PAXsims

Conflict simulation, peacebuilding, and development

refugee simulations

(UPDATED to include discussion of the Reach Out training modules)

We’ve posted a few items on PaxSims before on refugee simulations, such as the training used by UNHCR for its own staff, refugee simulations that form part of courses at universities such as Harvard and Tufts (here and here), as well as the Royal Institute of International Affairs (Chatham House) use of simulation methods to explore issues that would arise in future Israeli-Palestinian negotiations on the refugee issue.

For readers who might be interested in trying something like this (whether in the classroom or the field), I’ve posted a few additional links below. Most of these fall into the category of educational or advocacy simulations, rather than those designed to train substantial skills or knowledge related to professional work in this field. Nonetheless, those that involve a roleplaying component might include elements that could be adapted to such purposes.

  • Against All Odds. A web-based game developed by UNHCR in 2005, and aimed at youth. You’ll find a background report on its development here.
  • Refugee Game for Change. A web or mobile phone-based game on the situation of refugees, aimed at teens. Featured on Oxfam Australia’s Refugee Realities website, which also contains a variety of other educational and advocacy resources on refugee issues.
  • Darfur is Dying. A web-based game, in which players struggle to survive in a Darfuri refugee camp. The game was developed as part of the Darfur Digital Activist contest,organized by mtvU in cooperation with the Reebok Human Rights Foundation and the International Crisis Group. A screen shot from the game is featured below.

Darfur

  • In Exile For a While (organizer’s kit). A roleplaying simulation developed by the Canadian Red Cross, the Canadian Foodgrains Bank, and Canadian Lutheran World Relief “to provide young people with a life-changing experience that will transform their thinking and inspire action.” The simulation takes between one and 24 hours (depending on the scenarios used), and is suitable for teens and adults.
  • Sumitra’s Story. A role-playing simulation of the flight of Ugandan Asians from the regime of Idi Amin, designed for students. Another version can be found here, rewritten to address the situation of Cuban refugees fleeing to the US.

For those looking for professional training materials on refugees, you may find the Reach Out Refugee Protection Training Project useful. This collection of materials and lesson plans was developed NGOs and the Red Cross/Red Crescent Movement in collaboration with UNHCR in order to train humanitarian staff in the basics of refugee protection, and addresses such issues as the basics of refugee protection, the dynamics of forced displacement, actors and roles, programming, individual and mass arrival, vulnerable groups, durable solutions, IDPs, and sexual and gender-based violence. Two of the modules also include role-play exercises based on the hypothetical case of Boringia:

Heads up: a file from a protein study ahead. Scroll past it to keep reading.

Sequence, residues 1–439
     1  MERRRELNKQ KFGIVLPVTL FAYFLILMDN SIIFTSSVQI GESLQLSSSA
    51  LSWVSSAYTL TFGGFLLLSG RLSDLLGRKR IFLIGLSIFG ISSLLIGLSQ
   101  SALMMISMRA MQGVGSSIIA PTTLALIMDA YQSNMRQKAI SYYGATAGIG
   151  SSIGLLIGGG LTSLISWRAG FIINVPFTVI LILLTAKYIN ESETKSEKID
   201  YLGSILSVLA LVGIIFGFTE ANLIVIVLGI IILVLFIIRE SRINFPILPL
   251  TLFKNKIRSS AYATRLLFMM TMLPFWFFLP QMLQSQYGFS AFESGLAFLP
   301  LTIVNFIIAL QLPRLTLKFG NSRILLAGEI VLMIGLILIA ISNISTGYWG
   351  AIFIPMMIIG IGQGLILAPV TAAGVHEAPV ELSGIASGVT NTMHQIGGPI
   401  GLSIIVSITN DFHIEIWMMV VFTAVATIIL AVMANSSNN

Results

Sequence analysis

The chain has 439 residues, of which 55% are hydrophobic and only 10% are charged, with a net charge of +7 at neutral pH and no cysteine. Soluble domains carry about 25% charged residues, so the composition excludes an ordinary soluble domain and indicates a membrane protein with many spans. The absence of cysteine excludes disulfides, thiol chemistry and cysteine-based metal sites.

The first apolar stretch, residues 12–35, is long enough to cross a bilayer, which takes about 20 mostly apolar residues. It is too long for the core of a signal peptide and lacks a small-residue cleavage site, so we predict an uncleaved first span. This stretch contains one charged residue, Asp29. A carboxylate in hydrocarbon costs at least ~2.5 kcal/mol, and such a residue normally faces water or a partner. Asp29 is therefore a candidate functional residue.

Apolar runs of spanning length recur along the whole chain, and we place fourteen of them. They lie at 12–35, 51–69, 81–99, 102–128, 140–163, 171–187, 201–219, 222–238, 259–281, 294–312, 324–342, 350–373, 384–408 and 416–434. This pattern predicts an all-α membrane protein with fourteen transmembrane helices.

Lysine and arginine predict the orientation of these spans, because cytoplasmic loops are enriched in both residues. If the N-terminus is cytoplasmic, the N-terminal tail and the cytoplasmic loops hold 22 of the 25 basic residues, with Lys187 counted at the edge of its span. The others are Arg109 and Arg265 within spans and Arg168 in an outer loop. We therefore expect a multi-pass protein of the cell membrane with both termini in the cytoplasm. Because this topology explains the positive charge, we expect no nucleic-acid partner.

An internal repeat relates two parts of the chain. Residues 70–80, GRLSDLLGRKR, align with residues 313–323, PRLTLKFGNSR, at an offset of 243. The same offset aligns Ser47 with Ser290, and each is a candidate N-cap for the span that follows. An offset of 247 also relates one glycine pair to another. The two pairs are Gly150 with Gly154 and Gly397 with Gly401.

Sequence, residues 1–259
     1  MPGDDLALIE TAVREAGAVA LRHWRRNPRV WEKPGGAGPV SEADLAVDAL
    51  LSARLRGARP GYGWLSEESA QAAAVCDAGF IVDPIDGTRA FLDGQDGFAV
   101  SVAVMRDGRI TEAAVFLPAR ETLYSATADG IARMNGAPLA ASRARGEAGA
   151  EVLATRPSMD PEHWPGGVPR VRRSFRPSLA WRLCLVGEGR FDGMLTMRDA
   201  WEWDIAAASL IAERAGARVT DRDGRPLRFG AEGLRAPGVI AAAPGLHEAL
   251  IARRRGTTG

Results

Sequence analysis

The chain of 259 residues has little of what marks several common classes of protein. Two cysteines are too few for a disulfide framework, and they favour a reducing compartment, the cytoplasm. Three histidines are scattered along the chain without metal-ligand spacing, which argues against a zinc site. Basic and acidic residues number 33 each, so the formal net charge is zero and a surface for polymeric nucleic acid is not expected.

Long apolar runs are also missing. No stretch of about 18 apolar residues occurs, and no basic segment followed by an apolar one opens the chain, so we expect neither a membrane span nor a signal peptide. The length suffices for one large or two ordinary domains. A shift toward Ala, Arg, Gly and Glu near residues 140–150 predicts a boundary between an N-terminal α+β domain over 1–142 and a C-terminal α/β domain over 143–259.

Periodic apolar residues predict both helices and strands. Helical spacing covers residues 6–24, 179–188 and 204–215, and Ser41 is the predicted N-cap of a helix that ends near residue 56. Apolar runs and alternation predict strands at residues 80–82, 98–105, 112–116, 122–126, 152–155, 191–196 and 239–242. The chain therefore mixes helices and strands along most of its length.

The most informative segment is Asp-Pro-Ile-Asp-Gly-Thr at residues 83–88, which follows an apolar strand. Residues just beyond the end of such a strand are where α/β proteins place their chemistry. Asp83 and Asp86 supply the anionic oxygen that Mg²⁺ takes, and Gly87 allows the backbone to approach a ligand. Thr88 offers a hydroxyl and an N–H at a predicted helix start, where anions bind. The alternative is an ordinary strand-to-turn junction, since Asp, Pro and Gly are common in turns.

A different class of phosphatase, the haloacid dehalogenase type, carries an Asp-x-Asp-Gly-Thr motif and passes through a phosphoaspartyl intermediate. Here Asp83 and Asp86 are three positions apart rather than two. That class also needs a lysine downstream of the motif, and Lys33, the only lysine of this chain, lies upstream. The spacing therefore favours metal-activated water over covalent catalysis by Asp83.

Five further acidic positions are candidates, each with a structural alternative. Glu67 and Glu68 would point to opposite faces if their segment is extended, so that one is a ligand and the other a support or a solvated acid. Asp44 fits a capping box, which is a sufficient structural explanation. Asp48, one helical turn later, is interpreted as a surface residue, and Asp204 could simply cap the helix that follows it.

There has been an escalation of the armed conflict in Chakamaka, and many thousands of Chakamakans are attempting to flee into neighbouring Boringia.

However, the Boringian government recently closed all border crossings and stationed several battalions of combat troops alongside the frontier. Increasing international pressure has since led the Boringian authorities to reopen the border for a few hours every other day.

BoringiaAccording to the Boringian Ministry of the Interior, some 37,144 people have arrived in Boringia over the last two weeks. In addition, almost 240,000 people are said to have been forced to leave their homes as a result of ongoing fighting and are scattered throughout the eastern provinces of Chakamaka. According to reports, most of these uprooted populations are trying by whatever means possible to head towards the border.

In Chakamaka, rebel troops have almost total control over the eastern provinces, and state troops defending the remaining government-held areas are losing ground daily.

The government has declared a state of emergency and has suspended the parliament, the judiciary, and national legislature. Males from the age of 15 and up are being conscripted into the armed forces. Draft evasion and desertion are subject to severe penalties, including life imprisonment.

International media continue to provide dramatic pictures of desperate people stranded at the Chakamakan side of the border.

At the same time, there are unconfirmed reports of armed rebel groups that have infiltrated Boringia. It appears that cross-border raids by Chakamakan rebels have been launched from makeshift military bases in Boringia near the Chakamaka/Boringia border.

In the exercise, participants play the roles of the host government, UNHCR, the local Red Cross, and other NGOs.

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